Food waste is a big issue. Consider the energy that goes into producing and transporting food from as far away as Europe and China, and the money spent on something that is then literally thrown away. Weigh it up against the environmental impact and the fact that many people go hungry, and it’s undeniable that we can do things better.
Jamie Edwards, founding pickler of Cornersmith, a family-run café based on sustainable and ethical principles, gives some advice on how we can be more conscious about fighting food wastage and being smarter consumers.
Ditch the supermarket for the farmers market
For her, one of the most effective methods is simple: stay out of supermarkets.
The majority of Australians live in cities, far removed from the farms and factories where food production and processing occurs. We’re happily oblivious to the amount of food wastage that occurs even before the food is transported. Close to 70 percent of produce gets turned back into the soil due to packaging standards, low prices and storage issues, where it gets compacted. And once compacted, something like an apple core can hang around as long as a coke can if there’s no oxygen to break it down.
Jamie lists “the disservice [supermarkets] do to farmers, the effects on labour, the lack of choice, the huge amount of waste” as just some of the negative consequences of the supermarket system. And this is even before the produce hits the shelves.
Another problem around packaged, sanitised, supermarket food is the food processing system. There’s no guarantee that a package’s ingredient list is full disclosure of what’s in a product or how it’s been handled. Take the example of pre-packaged or self-serve loose leaf salad. Something that, on your kitchen counter would turn brown in a day, stays a crisp, healthy green for the better part of a week. Why? Because it’s been coated with something called NatureSeal – an artificial construct designed to extend its shelf life – and one that is not classified as an ingredient and so doesn’t have to appear on the package. And suddenly, this fresh source of fibre and nutrients has become an insidious part of industrial food production.
The solution? Farmers markets.
There’s an unfortunate perception that the biggest obstacles around ethical eating are budget constraints. Growers markets often pitch themselves at those who can already afford to make the choice. This, however, says Jamie, is an illusion. Consumers have been sold the idea that the supermarket is cheaper and more convenient than getting fresh, locally grown produce from the markets, whereas the reality is that “there’s a bunch of coriander in Woollies for $4 when it’s $1.50 at the market”.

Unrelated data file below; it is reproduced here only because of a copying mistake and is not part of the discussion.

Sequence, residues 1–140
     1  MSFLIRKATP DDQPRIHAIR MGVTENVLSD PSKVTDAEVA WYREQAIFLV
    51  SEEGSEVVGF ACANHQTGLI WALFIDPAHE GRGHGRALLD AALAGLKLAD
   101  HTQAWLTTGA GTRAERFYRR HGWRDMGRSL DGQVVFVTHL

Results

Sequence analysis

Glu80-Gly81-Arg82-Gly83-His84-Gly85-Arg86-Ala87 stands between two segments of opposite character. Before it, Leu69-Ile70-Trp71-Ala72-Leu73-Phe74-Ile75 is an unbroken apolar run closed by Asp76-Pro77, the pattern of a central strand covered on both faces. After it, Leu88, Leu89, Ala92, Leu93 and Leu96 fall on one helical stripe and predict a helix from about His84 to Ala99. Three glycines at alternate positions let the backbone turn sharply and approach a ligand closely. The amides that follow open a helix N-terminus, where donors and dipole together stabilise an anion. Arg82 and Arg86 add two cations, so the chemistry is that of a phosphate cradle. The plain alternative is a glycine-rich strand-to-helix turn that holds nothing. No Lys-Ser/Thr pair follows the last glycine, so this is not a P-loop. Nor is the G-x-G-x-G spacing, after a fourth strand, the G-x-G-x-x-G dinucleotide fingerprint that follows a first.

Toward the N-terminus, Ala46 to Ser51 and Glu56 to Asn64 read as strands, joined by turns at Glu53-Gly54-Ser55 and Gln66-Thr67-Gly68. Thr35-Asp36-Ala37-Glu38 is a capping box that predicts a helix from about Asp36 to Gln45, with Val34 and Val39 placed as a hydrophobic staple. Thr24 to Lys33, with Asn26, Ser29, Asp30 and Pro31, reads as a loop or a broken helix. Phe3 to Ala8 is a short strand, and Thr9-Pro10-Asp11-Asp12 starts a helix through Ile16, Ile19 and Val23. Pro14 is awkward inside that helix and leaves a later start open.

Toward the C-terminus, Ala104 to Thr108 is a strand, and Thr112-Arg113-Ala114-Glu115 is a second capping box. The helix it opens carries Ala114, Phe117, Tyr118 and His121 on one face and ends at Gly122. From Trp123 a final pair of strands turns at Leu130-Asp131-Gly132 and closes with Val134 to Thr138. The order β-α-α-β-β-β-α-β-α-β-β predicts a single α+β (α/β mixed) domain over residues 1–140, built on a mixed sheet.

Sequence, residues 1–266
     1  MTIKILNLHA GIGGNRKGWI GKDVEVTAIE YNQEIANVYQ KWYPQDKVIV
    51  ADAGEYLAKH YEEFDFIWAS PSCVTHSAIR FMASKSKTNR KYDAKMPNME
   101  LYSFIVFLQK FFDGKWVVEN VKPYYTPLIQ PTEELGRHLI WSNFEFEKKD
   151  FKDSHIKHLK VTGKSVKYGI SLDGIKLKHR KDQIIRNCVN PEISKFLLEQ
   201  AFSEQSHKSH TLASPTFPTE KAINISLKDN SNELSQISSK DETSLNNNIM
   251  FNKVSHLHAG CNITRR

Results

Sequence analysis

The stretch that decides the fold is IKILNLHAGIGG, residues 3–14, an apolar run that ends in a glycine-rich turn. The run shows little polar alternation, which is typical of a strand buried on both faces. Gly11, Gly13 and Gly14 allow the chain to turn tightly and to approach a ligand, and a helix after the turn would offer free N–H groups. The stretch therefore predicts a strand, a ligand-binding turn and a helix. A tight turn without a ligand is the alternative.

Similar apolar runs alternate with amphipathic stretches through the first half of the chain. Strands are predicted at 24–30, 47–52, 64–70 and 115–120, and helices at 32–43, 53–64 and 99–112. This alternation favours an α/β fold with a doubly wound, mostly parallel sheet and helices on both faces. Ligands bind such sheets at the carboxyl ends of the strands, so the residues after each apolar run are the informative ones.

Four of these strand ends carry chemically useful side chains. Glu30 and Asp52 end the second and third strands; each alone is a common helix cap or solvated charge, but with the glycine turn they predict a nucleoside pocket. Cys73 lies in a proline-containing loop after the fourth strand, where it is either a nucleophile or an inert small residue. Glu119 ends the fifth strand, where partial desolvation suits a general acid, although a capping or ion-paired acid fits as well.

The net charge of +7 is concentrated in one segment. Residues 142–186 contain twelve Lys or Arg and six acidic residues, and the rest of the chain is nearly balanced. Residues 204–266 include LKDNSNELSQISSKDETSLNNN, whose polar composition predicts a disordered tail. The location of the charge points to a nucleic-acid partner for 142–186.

It’s undeniable that you’ll need to be more strategic about your weekly shopping and meal planning (no more after-work trips to the supermarket for that carton of eggs you forgot), but ultimately the decision to prioritise your time is just a choice that needs to be made.
Do the legwork and ask questions
Another important factor in being a mindful consumer is asking questions. This, for Jamie is another reason to get out of the supermarkets. “You can’t just ask anyone at the supermarket about the produce. They just don’t know. You may as well ask about a packet of chips. But you can do that at farmers markets. And to find your voice as a consumer is something that will serve you very well.”
Consider what’s most important to you, she suggests, whether organic, local, or ethical, and ask questions of the vendor. Do some research into what kind of answers you want to hear, to be able to decide whether this farming method, or that carbon footprint is acceptable to you.
It’s all about aligning your purchasing power with your personal convictions.
Jamie herself puts preference on local over organic, as there are “lots of issues around organic”. While she admits “not using pesticides and heavy metals in the soil are going to be good for the environment,” ultimately, local produce often comes from “small scale farms, which are a better options for the communities. Farmers have more control over the price they can ask.”
One chicken, three meals
Finally, to become a conscious consumer you have to learn to cook and prepare food to make it last. This may involve up-skilling, but returns are worth it. Skills like fermenting, upcycling leftovers and turning scraps into preserves, help food go further by reducing waste and extending its shelf life.
Jamie gives the example of her ‘one chicken three meals’ dishes, where a roast chicken gets stripped and repurposed into a risotto the next day, and its bones reduced to stock for a soup on the third day. The $30 ethically raised chicken has been extended to cover three meals and suddenly becomes more affordable.
Food and cooking should be a pleasure, says Jamie, and being aware of the stories behind your food adds to your enjoyment of it. One way to make cooking less of a chore is to make it communal. Gather some friends and make a day of boiling broths, making passata or baking. This will also give you the opportunity to share your skills and learn from each other.
Fighting food waste really can be a simple, three-part process. Stay out of supermarkets. Do your research. And learn to cook.